Chapter 110: Queequeg in his Coffin

In “Queequeg in his Coffin,” Ishmael presents us with an interesting contrast between Queequeg and Pip, the black cabin-boy who earlier in the book jumped with fright out of a whale boat and was left by the crew alone in the ocean to die.

Queequeq and Pip are alike in being non-white members of the crew. They are also both given the hardest and most unpleasant labors of the ship. Queequeg’s duties are assigned because of his elevated station of harpooneer, while Pip’s duties are assigned because of the low station dictated by his race. However, as Ishmael describes Queequeg in his labors, peering down at him in the muck of the hold, you hardly get the sense that the white crew envies the task. Sure, Queequeg gets a higher pay, but he still has to do the most unpleasant and dangerous work of the ship. All three harpooneers are foreign non-whites, more respected than Pip, perhaps, but still subjugated.

Death for both Queequeg and Pip becomes a process of taking stock of what they have in the world. Queequeg has the coffin his colleagues built for him. He has the clothing and personal items he now stores in his coffin. He has Yojo. He has the heritage of a complete (though indecipherable) theory of the universe, tattooed on his body by the spiritual leader of his homeland, which he carves into the wood of his coffin. Most of all, Queequeg has the opportunity to actualize in all these ways. By contrast, the utter isolation Pip faces in death is a small echo of the isolation with which Pip faces life. Pip lives stripped of privilege, status, professional respect, community and heritage — all left ashore by unwilling ancestors on a different kind of voyage long since past.

The most significant contrast between Queequeg and Pip lies in their treatment as dying men. “Not a man of the crew but gave [Queequeg] up” on his deathbed, whereas Pip is actively abandoned to die. However, the crew visits Queequeg on his deathbed at least in part to watch for secrets of death to be revealed in the “waning savage.” Pip’s lack of heritage makes him subhuman to the crew, but Queequeg’s presence of heritage makes him an exotic. Ishmael later marvels at how quickly Queequeg rebounds from his ailment, noting how “a sick savage is almost half-well again in a day.” Perhaps Queequeg realizes that his resignation towards death is an expected part of this dynamic as Pip stands over his deathbed, celebrating how “Queequeg dies game!” Deciding not to give in to the expectation of noble savage, Queequeg chooses to recover himself and live. In health, Queequeg reclaims his death experience by carving his tattooed heritage onto his Nantucket coffin, furthering his negotiation towards counterpane.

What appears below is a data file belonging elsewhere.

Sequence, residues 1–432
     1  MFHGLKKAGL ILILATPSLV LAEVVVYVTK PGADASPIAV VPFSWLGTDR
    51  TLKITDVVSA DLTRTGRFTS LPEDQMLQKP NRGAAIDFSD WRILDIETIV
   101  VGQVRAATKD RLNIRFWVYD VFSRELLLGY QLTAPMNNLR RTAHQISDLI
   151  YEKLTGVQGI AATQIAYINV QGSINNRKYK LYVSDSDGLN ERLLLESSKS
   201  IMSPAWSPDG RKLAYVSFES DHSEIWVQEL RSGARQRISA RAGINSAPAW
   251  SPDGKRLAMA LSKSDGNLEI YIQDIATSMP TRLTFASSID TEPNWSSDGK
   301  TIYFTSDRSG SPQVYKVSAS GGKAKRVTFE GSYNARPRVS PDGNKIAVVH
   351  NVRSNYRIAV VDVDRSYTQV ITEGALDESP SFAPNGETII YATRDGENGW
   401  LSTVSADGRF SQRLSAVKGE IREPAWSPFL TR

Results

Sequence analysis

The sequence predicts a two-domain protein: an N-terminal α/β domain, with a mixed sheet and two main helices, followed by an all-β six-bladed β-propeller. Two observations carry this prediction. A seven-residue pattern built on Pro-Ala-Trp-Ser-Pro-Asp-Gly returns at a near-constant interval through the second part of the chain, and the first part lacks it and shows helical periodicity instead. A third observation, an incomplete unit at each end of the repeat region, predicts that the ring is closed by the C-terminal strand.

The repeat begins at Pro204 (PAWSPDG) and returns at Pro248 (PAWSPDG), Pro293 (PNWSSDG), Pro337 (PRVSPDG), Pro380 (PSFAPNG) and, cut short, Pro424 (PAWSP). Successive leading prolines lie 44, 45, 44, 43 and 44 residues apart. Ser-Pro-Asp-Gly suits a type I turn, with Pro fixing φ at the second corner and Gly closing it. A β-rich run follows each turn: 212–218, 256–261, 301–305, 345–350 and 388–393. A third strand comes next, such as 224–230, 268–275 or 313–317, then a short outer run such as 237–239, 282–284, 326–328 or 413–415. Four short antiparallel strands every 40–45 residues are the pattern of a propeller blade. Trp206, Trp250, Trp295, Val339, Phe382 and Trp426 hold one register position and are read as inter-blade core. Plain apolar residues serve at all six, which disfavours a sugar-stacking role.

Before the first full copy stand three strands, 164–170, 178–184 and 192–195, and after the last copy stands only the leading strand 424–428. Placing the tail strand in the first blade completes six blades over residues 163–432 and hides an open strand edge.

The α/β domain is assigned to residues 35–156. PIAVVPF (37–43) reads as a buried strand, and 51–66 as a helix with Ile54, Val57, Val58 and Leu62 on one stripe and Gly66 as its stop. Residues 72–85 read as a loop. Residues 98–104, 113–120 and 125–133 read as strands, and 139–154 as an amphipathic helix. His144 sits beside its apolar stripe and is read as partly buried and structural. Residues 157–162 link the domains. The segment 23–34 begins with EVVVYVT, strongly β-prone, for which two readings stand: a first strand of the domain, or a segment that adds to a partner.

Ch 110: Queequeg in his Coffin

Make your peace with death,
Your peace with death,
Your peace with death, Oh
Your peace with death,
And then come alive
For the rest of your days.

Listen to me:
I want to tell you ’bout a man
Who came to his endless end, Whoa!
He threw his arms around the great
Testament.
He had us build a coffin
Sound in every way
And he stepped into the rest of his days.

Make your peace with death,
Your peace with death,
Your peace with death, Oh
Your peace with death,
And then come alive
For the rest of your days.

Let me tell you, now:
The man he had his coffin filled
With all of his Earthly needs, Whoa!
And put his body with the like
Accessories.
He took his god, Yojo,
And held him to his heart,
And he rose again, a purity apart.

Make your peace with death,
Your peace with death,
Your peace with death, Oh
Your peace with death,
And then come alive
For the rest of your days.

(c) and (p) 2008 Patrick Shea
Words and music written by Patrick Shea August 10, 2008
All parts performed, arranged, and recorded by Patrick Shea February 1, 2009

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